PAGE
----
French government’s war on the poor abroad
French government’s war on the poor abroad)

While French President Emmanuel Macron continues his months-long battle to raise workers’ retirement age from 62 to 64, his government is waging war on another front, some 8,000 kilometres away on the island of Mayotte.

Sitting between Mozambique and Madagascar in the Indian Ocean, Mayotte is part of the Comoro archipelago. But officially it is part of France. The colonial legacy of capitalism sometimes means that you can be in two places at once.

Falling under French colonial rule in the 1800s, during the European powers’ “Scramble for Africa”, Mayotte has been bound to the country ever since. A disputed referendum in 1974 granted independence to the Comoro Islands, but Mayotte remained a French territory. In 2011, it was incorporated as the country’s 101st department.

Today, unemployment among the island’s 310,000 people is 70 percent. More than three-quarters of the population live below the poverty line of €1,100 a month, according to the French national statistical bureau.

Nevertheless, thousands of migrants come to Mayotte every year from the neighbouring Comoros, where the situation is even worse. Comorans now make up almost half of Mayotte’s population; many are undocumented.

This state of permanent social crisis and dislocation has been fertile ground for the far right—Marine Le Pen’s fascist National Rally scored a solid victory in Mayotte in the second round of the 2022 presidential elections.

Le Pen’s vile anti-immigration stand has earned her a sizeable following in the majority-Muslim department. But it is Macron’s interior minister, Gérald Darmanin, who is about to unleash the violence. Last month he announced the dispatching of 1,800 police and gendarmes to Mayotte—including members of the infamous Republican Security Corps riot squad—as part of Operation Wuambushu (“recapture” in the local Shimaore language).

Their mission—dressed up as a law-and-order campaign against “criminal gangs”—is to expel thousands of migrants from the island and to flatten the shanty towns in which they live.

Local politicians are doing their part to whip up the anti-migrant frenzy. Salime Mdéré, the vice-president of the island’s governing council, caused a minor scandal when he launched a tirade against young migrants on local television, suggesting it might be necessary to “kill some” for Operation Wuambushu to be a success.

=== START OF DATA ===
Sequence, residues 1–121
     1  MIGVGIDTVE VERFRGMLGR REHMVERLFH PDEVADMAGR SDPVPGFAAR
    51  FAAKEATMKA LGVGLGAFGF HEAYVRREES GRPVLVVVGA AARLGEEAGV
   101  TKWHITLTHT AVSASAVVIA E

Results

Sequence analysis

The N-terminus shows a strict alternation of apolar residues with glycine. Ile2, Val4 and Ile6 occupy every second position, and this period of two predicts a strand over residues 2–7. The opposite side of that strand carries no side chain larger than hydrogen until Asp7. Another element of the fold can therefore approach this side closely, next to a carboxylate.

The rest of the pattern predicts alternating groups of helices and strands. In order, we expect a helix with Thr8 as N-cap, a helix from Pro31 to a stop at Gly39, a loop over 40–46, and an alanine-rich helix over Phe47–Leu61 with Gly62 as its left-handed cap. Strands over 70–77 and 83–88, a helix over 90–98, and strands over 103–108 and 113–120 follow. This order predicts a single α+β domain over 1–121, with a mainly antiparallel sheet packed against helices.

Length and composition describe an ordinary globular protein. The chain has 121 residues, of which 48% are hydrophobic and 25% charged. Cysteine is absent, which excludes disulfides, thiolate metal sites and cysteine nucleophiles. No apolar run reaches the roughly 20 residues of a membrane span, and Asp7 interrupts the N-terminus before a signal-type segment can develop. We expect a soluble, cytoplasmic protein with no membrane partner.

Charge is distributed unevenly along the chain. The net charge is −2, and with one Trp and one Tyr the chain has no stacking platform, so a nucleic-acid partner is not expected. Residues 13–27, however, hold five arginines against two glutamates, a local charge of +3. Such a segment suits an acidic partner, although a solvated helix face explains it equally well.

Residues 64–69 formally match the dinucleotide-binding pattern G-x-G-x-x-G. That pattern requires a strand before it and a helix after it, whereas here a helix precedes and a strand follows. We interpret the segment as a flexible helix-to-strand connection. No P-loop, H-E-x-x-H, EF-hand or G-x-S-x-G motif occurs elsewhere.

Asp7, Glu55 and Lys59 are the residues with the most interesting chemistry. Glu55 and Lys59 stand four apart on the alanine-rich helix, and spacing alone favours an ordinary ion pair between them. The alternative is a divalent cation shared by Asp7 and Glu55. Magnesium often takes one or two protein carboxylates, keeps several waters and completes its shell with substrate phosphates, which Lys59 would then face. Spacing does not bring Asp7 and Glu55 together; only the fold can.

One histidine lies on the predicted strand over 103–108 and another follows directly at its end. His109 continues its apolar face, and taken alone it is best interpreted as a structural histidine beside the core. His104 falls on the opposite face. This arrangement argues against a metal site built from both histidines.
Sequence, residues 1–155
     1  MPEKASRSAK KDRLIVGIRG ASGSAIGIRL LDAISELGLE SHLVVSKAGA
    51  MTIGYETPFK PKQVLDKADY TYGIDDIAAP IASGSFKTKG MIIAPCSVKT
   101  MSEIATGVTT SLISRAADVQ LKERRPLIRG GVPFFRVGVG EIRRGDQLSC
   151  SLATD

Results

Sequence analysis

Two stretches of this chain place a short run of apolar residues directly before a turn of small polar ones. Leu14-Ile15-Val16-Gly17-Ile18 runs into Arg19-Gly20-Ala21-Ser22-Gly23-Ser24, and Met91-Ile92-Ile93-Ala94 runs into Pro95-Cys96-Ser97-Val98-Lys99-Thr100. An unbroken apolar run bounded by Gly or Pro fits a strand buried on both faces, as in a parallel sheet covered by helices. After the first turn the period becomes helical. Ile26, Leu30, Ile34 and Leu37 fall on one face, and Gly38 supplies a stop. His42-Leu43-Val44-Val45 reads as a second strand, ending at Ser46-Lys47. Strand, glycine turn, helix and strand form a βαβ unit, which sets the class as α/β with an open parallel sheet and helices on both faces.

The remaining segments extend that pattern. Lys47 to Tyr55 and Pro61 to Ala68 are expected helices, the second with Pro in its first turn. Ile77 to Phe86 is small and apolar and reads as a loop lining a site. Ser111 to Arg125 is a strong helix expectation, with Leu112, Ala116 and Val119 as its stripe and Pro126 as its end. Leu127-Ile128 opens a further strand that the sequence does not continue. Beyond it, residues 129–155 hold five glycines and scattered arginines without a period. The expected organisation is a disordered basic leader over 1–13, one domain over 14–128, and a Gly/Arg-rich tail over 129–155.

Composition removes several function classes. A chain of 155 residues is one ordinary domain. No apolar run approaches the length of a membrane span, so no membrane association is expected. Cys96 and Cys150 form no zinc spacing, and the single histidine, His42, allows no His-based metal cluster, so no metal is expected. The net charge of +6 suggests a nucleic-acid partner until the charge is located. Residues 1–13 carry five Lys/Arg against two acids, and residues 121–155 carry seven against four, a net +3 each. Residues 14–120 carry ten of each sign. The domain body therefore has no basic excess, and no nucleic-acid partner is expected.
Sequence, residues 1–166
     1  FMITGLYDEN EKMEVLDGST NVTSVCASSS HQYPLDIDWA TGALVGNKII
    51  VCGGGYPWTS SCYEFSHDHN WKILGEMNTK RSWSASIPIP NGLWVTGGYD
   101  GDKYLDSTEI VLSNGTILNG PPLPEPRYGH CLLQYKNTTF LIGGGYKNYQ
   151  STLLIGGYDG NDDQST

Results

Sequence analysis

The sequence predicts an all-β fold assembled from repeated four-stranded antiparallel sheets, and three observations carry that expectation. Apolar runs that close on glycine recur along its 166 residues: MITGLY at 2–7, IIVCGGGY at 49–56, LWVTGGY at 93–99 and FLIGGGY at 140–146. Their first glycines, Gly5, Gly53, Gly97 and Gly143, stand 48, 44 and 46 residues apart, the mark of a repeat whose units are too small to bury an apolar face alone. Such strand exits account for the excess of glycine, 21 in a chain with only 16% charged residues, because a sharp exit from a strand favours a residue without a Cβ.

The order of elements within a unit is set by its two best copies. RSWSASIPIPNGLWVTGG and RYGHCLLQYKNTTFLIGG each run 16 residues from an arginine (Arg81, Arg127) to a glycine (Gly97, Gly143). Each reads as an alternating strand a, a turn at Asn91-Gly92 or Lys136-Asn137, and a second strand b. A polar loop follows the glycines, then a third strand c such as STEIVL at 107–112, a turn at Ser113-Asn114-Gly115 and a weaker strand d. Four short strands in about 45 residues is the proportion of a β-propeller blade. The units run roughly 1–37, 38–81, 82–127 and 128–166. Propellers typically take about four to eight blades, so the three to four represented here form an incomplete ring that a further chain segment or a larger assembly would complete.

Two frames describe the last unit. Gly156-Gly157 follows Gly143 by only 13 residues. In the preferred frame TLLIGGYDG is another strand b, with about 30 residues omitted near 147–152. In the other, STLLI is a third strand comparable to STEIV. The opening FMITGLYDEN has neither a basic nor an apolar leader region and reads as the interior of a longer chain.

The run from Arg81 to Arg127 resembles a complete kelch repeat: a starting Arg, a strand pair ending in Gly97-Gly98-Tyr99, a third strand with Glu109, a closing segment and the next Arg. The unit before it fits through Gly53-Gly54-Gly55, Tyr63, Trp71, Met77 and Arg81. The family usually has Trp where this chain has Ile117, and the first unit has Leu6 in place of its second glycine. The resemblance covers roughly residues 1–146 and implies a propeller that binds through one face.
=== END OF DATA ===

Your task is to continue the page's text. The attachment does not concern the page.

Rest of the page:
Mdéré might have been the only one to say it out loud, but the French government’s contempt for human life is clear as day.

The fight against anti-migrant racism cannot be separated from issues of social class. Every successful attack on the rights of oppressed groups strengthens the hand of the ruling class against the working class.

The connection couldn’t be clearer when the same police thugs deployed against striking French workers are now terrorising the slums of Mayotte.

Read more
Refugees organise a week of protest
Renee Nayef 

Hundreds of refugees rallied outside Home Affairs Minister Clare O’Neil’s office in Oakleigh, in south-east Melbourne, on Monday, demanding permanent visas for those who have still not gained protection more than a year after the election of the federal Labor government. 

The revolt in Iran, one year on
Bella Beiraghi

The murder of 22-year-old Kurdish woman Mahsa Amini at the hands of Iran’s morality police last September sparked the largest revolt in Iran since the 1979 revolution. What began as a protest in Gina Mahsa Amini’s home town of Saqqez soon developed into a nationwide revolt against the Iranian state. Over the course of six months, hundreds of thousands of students, workers, the young and the old, took to the streets with the battle cry “Jin, Jiyan, Azadi!” (Women, life, freedom). 

Abolish the GST!
Abolish the GST!
Duncan Hart

Australia’s goods and services tax is the one tax that the rich in this country love. 

‘The people want the fall of the regime!’
Interview: Syria erupts again
Omar Hassan

Large demonstrations have been taking place across Syria in recent weeks. While their scale has yet to reach the peaks seen in 2011, many are hopeful that the government will be brought down. To get a more detailed assessment of the movement and the situation it faces in Syria, Red Flag spoke to long-time Syrian leftist Jamal Chamma. Jamal is based in Melbourne and has been involved for years in organising demonstrations in solidarity with the Syrian revolution.

Falling real wages the problem
Liam Parry

Treasurer Jim Chalmers claimed last week that the average Australian worker is $3,700 “better off” than a year ago, citing this as proof that Labor in government has delivered on its promise to “get wages moving again”. The West Australian newspaper called it “Labor’s wages growth win”. Other media headlines could almost have tricked you into thinking that workers are getting richer right now.

Why the left should vote Yes
Jordan Humphreys

As the referendum approaches, the key dynamic in the debate is clear. The conservative right views a defeat for the Voice as a chance to strike a devastating blow against support for Indigenous rights among the Australian population. In the process, it is reviving every racist myth in the play book: Indigenous people shouldn’t get “special privileges”; opposing anti-Aboriginal racism is actually “dividing the nation”; and the colonisation of Australia had only a “positive impact”, in the words of Jacinta Price.